According to the research at Comichron.com, 1993 was the biggest year for the comic book industry in history. As a result, comic books from publishers in 1993 are still among the most common to be found in collections, comic shops, and comic convention boxes even 25+ years later.
The highest selling books of 1993 were the “Return of the Supermen” books from DC and then Turok #1 from Valiant as the 6th highest for the year. The Adventures of Superman #500 “white bag” Collector’s Edition was the highest selling book of 1993. It is believed that nearly 4,000,000 copies of this book were printed. More than 2,000,000 copies each are estimated for Adventures of Superman #501, Action Comics #687, Superman #78, and Superman: Man of Steel #22.
Although the Superman books were the most ordered for 1993, many who reflect on the industry crash point to Turok #1 as a turning point for the industry.
It is believed that 1,750,000 copies of Turok #1 were printed. The number of actual Turok fans was significantly lower than the number of Turok speculators hoping that Turok #1 would follow the increases in prices seen for many of the hard to find Pre-Unity Valiant issues from 1991-92. Instead, Turok #1 remained available and was discounted at most comic shops soon after its release. The Deathmate crossover of 1993 was produced by Valiant and Image, and it also contributed to the number of unsold copies of books.
Grouping the Valiant comics 1991-1996 in three-month intervals and averaging the estimated print runs across all titles, it’s easy to see the rise and fall of Valiant in the industry with 1993 at the peak.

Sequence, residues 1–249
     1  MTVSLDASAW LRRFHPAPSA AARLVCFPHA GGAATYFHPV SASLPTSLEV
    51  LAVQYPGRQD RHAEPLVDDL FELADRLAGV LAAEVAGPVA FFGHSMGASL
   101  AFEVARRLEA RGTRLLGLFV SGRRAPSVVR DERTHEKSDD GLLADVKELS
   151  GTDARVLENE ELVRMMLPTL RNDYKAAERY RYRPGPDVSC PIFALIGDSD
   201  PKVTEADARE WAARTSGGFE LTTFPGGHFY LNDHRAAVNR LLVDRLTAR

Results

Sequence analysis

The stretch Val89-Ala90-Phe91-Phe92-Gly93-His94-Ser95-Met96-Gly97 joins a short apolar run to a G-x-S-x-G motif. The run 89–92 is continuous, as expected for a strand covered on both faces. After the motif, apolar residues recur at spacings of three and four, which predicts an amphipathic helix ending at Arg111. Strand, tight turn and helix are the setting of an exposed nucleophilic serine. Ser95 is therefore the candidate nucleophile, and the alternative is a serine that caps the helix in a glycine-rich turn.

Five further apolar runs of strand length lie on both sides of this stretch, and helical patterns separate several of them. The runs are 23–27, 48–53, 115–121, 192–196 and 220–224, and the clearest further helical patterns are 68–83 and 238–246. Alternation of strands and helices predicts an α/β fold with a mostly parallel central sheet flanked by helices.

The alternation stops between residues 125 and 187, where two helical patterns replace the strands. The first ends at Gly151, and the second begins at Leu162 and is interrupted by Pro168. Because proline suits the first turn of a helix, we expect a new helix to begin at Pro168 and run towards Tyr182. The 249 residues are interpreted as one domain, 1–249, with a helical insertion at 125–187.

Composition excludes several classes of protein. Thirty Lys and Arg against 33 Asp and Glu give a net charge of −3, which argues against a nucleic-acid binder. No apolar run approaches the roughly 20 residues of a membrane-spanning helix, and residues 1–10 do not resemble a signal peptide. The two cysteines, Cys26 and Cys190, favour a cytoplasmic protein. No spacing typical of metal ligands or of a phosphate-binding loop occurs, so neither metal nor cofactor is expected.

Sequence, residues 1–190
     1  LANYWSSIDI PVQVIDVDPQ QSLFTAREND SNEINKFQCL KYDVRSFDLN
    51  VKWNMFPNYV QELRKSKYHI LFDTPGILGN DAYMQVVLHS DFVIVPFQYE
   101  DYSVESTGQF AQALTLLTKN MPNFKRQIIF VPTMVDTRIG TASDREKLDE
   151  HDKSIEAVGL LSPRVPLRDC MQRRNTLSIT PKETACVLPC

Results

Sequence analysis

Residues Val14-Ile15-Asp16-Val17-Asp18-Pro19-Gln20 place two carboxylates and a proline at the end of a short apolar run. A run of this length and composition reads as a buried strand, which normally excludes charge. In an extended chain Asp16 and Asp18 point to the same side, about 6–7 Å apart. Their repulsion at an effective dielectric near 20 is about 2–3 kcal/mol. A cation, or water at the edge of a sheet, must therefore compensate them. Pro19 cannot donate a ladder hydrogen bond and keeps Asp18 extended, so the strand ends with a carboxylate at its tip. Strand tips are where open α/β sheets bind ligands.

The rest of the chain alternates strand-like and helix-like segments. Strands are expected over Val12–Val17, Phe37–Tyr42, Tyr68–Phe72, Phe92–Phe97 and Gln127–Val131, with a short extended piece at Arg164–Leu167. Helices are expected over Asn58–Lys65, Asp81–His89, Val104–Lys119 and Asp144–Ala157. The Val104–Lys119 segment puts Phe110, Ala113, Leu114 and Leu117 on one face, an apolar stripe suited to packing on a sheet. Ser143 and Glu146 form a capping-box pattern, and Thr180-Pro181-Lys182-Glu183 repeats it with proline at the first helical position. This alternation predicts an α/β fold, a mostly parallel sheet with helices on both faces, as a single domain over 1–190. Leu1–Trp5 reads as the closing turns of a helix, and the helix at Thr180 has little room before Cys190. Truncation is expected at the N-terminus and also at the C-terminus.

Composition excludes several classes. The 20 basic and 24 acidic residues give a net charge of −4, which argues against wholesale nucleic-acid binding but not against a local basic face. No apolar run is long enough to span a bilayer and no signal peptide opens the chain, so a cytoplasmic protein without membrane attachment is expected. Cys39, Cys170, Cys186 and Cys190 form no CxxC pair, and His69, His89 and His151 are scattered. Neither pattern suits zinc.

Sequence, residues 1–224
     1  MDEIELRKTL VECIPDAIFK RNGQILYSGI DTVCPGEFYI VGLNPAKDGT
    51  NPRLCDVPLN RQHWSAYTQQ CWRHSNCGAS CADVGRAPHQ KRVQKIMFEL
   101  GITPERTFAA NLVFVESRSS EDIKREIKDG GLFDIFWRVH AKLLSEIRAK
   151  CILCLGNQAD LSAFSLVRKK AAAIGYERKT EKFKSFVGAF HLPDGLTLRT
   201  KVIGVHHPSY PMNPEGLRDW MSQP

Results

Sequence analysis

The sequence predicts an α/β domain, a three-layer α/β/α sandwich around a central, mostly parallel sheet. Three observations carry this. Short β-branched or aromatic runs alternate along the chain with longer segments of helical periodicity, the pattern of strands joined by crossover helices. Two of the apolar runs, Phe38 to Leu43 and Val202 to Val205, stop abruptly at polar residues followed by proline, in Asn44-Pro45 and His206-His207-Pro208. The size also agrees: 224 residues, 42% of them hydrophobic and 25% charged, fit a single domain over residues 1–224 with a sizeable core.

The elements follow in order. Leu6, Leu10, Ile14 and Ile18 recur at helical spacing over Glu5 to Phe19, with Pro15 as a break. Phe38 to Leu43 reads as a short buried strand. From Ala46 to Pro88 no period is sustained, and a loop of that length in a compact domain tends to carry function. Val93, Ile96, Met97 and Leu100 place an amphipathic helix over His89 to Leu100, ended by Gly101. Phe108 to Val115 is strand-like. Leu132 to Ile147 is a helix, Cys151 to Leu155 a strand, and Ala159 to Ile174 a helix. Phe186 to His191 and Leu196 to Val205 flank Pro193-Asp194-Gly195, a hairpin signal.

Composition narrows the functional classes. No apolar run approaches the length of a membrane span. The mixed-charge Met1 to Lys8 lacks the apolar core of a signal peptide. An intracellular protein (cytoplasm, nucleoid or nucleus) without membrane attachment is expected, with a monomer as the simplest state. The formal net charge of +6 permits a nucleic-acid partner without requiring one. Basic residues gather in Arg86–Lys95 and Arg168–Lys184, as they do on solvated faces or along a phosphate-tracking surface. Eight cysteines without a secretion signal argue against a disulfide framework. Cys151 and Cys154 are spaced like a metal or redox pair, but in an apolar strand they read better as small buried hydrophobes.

There are around 80,000,000 Valiant comic books in print from 1991-1996,
over 800 different Valiant comic books. More than half have 1993 dates.
2,750,000 copies (54 books) are Pre-Unity books from 1991 to mid-1992 – 3%
2,550,000 copies (23 books, 18 regular, 5 variants) are Unity books from mid-1992 – 3%
3,000,000 copies (30 books) are post-Unity books from late-1992 – 3.5%
41,100,000 copies (176 books) are from 1993 – 51%
21,900,000 copies (231 books) are from 1994 – 27%
9,250,000 copies (234 books) are from 1995 – 11.5%
1,000,000 copies (60 books) are from 1996 – 1%
Very few Valiant collectors stuck with the books through the end of the series. Looking back 20+ years later, Valiant collectors tend to focus on the early issues with some interest in the final issues due to low numbers printed. Of course, with only 800 different issues for the Valiant Universe 1991-1996, there are collectors who want them all. Here’s a checklist compiled back in 2008 for the ValiantFans.com website.
Valiant Comics from 1993 were the highest numbers printed, and are usually among the easiest Valiant Comics to locate for collecting, however, Gold Editions for Valiant Comics in 1993 were limited to 5,000 copies each with no cover price, gold enhancements to the title, and a gold Valiant box on the top left. 1993 Gold Editions include Turok #1 Gold, Magnus #21 Gold, Rai #9 Gold, Second Life of Dr. Mirage #1 Gold, and X-O Manowar #0 Gold.
These two books introducing Ninjak should be comparable in value to the first appearances of other Valiant title characters, however, the high number of copies produced has kept the values modest relative to other (earlier) Valiant first appearance comics.
Similar to the Bloodshot #6 and #7 introduction of Ninjak, the first appearance of Ivar the Timewalker occurred in Archer & Armstrong #8 and Eternal Warrior #8. Those two books are actually just one book, which can be flipped to show each cover. Collectors often purchased two copies of the (same) book, so that they could keep one with their Archer & Armstrong collection, and file another with their Eternal Warrior comics.
The takeaway from this post is new collectors of Valiant Comics might consider 1993 to be early Valiant issues, being so close to 1991-1992 Pre-Unity Valiant, but 1993 books are actually the most common issues found in any collection of 1990s comics. Collections from the 1990s often have a vast majority of their books from 1993, including collections of 1990s Marvel, DC, and Image. As a result, collectors should look at all their options for purchasing the most common issues efficiently, otherwise those who overpay for 1993 issues today could face the same disappointment as those who overpaid for 1993 issues in 1993.